BY MICAELA SHORE, DIRECTOR OF PROJECT MANAGEMENT FOR COMMUNICATIONS
I’ve always considered myself an aspiring poet. I recently found a bunch of notebooks from junior high and high school that are filled with unfinished poems that I thought were Shakespearean at the time. I mean, I literally tried to copy Bill Shakespeare’s style, his tone, not so much his iambic pentameter because I wasn’t quite that ambitious, but I was on my way to being a great writer! Except that I’m the only person who ever saw any of my poems. They continued to be poorly written and sappy and cliché for years because I didn’t have anyone to give me constructive criticism or to say STOP with the flower and moon metaphors PLEASE.
No matter how bad my writing was, though, I had the bug. I didn’t stop, and eventually I had good people, good professors, good fellow poets to tell me I have potential, I can do this, I have something meaningful to say. The most impactful time in my writing happened during my senior year at Seattle University when I took a class called Slam Poetry, taught by the Slam Master of Seattle (the guy who produces the Seattle Poetry Slam). Yes, my fellow Midwesterners, there are places in this world where poetry is something you can be paid to produce and people will come listen to you on a weekly basis. I know, I was blown away too.
I fell in love with spoken word poetry. I’ve always loved reading poetry out loud, but this was a whole new thing. I started performing my poems every Tuesday at the Poetry Slam, and for the first time I felt truly connected to my art, like this was what I’d been made to do.
Fast forward to a few months ago. I was coming out of an artistic lull and felt drawn to the idea of bringing poetry into musical worship at Grace. One conversation led to another and before I knew it, I had written and presented a poem specifically for a worship service. There was a ripple effect, and another member of staff was inspired to do the same, so we collaborated on another piece he had written a couple months later.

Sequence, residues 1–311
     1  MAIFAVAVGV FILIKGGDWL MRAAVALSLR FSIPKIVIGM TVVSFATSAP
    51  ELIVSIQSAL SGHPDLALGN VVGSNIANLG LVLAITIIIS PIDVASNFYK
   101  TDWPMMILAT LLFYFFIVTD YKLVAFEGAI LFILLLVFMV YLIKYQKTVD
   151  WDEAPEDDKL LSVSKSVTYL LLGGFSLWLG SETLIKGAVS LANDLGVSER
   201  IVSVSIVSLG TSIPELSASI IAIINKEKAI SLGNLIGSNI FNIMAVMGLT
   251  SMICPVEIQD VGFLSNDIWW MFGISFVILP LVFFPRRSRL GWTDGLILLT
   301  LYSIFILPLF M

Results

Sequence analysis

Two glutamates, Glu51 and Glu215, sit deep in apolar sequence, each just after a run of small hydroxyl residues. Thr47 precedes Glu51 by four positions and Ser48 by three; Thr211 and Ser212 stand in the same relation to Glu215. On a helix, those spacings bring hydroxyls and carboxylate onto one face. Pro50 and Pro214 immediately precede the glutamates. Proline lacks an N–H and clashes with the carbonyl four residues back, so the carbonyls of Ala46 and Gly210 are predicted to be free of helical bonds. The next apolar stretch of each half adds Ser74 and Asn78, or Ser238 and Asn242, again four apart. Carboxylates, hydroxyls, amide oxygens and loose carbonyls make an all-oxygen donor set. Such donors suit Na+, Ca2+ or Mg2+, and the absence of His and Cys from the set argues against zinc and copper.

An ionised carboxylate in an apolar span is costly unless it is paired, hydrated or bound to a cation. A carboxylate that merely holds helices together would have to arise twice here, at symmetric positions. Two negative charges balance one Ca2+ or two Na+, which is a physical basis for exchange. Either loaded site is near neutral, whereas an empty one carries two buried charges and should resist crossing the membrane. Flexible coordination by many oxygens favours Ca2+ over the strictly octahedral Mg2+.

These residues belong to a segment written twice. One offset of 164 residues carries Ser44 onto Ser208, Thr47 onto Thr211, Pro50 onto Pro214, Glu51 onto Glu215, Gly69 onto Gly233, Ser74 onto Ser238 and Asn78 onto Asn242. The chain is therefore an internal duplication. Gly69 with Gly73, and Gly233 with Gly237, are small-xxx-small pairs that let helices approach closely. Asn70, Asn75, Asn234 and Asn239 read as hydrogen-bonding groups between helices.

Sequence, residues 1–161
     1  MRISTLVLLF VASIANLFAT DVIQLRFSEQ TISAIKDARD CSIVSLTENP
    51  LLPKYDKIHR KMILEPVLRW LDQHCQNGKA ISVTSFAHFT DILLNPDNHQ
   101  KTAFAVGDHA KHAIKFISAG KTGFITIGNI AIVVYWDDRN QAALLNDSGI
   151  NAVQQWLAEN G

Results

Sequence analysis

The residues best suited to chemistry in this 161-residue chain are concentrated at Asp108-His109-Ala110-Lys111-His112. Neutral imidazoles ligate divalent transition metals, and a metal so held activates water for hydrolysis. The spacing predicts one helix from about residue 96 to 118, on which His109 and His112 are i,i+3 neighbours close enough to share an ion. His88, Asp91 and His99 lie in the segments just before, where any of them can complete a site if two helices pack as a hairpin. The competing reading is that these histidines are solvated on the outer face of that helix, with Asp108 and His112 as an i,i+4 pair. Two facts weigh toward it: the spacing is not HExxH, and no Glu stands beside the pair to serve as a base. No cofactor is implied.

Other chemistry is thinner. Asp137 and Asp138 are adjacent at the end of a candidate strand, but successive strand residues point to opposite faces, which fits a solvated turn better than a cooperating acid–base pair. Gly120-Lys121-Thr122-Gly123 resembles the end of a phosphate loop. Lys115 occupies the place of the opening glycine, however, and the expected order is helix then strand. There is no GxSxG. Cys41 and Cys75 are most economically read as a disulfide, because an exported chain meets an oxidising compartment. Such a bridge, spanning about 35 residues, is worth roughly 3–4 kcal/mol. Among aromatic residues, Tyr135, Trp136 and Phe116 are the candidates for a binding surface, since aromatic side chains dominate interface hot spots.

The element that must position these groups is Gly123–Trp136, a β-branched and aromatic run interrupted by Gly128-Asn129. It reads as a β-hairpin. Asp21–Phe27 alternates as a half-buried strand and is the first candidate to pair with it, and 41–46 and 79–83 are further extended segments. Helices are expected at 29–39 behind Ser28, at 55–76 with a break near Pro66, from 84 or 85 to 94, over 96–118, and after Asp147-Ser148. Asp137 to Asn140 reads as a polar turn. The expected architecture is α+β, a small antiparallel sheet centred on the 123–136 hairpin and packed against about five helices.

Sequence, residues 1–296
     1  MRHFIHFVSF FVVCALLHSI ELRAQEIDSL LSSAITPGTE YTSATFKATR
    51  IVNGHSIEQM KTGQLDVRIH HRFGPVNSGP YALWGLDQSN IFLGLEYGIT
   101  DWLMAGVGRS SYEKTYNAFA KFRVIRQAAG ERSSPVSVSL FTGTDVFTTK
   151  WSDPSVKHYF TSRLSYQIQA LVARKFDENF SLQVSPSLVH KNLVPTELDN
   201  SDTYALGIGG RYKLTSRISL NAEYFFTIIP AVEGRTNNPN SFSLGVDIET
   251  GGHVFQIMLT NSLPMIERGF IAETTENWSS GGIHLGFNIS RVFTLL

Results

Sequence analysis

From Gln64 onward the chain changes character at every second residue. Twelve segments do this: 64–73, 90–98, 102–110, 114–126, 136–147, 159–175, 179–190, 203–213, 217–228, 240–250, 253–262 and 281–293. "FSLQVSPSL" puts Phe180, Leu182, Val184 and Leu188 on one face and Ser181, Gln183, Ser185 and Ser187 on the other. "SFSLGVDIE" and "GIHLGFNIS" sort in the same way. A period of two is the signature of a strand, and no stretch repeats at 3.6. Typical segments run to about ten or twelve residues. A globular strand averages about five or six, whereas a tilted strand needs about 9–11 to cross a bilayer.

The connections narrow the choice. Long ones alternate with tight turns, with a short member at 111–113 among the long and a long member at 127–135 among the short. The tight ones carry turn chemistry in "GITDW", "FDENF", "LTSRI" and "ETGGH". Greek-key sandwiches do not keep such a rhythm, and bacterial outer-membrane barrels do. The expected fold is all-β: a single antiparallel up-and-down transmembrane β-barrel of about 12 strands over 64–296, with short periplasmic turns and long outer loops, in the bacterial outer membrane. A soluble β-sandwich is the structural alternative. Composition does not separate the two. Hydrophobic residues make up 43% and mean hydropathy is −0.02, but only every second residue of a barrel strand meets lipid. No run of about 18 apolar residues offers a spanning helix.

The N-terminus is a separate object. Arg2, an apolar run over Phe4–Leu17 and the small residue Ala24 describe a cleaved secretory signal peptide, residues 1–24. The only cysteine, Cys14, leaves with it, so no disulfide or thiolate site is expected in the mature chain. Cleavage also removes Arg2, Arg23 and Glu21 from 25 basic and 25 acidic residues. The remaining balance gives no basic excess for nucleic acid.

The most important thing to come out of this story is not that I was able to be on stage or even that I felt reconnected to my art; to me, the most important part of the story is that people responded. What for me is a very personal artistic experience, upon being shared, became a communal experience. My words resonated with a lot of people in a way that goes way beyond a performance – people felt it in their beings. My story became their story.
Grace Church has supported and advocated for the arts and those with artistic gifting from the beginning. I’ve been involved in various ways, from dramas as a kid to leading worship in junior and senior high, but being so supported and encouraged to use my writing and performing gifts as a form of communal worship with my church…that was a transformational experience. We are created by the Creator to be creative. I’m so grateful for that truth.
To learn more about serving with the worship arts community, go here or contact email@example.com.